The effectiveness of “section access” on server-hosted files is not a part of this warning.
The ability to push data from QlikView back out to a database is beneficial for what-if analysis, financial reporting, CRM dashboards and more. Unfortunately our ability to achieve this, even using custom code, is limited. On the frontend, there are only a few objects that can support user input and very little control over how these objects display. On the backend, connecting QlikView back to a database is very difficult to do well.
Part of the problem is that QlikView server is not always in control of this communication. If you’re using Plugin, it’s done by the client. If you’re using AJAX or Mobile, it’s done by the server. If, however, you code your solution as an Extension, things shift back to the client side again.
The common way to implement writeback is through VBScript macros. Examples of code to achieve this are plentiful on QlikCommunity. Although a simple version can be mocked up in a few lines of code, deploying this solution to many users in a modestly secure environment has serious disadvantages.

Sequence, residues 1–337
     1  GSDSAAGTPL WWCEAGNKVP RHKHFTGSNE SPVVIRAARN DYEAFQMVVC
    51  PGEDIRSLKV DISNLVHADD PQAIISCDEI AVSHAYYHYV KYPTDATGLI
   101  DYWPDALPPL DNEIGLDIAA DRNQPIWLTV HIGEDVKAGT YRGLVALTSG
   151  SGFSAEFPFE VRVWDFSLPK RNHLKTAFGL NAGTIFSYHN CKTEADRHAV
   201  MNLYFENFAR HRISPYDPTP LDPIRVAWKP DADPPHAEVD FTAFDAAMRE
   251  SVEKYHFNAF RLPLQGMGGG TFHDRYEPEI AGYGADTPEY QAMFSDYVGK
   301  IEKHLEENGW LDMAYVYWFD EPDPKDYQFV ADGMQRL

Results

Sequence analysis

Each client machine needs to communicate to the database. Therefore, database drivers need to be installed on each client. Credentials need to be included in the code of each QlikView document, leaving them exposed to users. Special ports need to be open in firewalls for driver communication. These are poor security practices and should be reason enough for any enterprise to abandon this approach.
Client-side code is difficult to monitor. Error handling is poor. A separate system would need to be in place to capture errors for analysis and resolution.
Managing conflicts in a distributed environment requires careful design and development.
Communication between the VBS execution environment and the database can be slowed for any number of reasons. This leaves the client in an uncertain state, without feedback on progress or problems. Meanwhile, the application state in QlikView can continue to change. This easily can cause inconsistencies.
Database driver communication uses proprietary protocols that are difficult to monitor for debugging and by network security software.
But there is a much better way to implement writeback to a database from QlikView: build a lightweight web service. What this means is to have QlikView send a structured request to a web server that can interpret the request, make the appropriate database changes, and send a useful response back to QlikView. Overall, this approach is far more flexible, reliable, compatible, configurable and maintainable.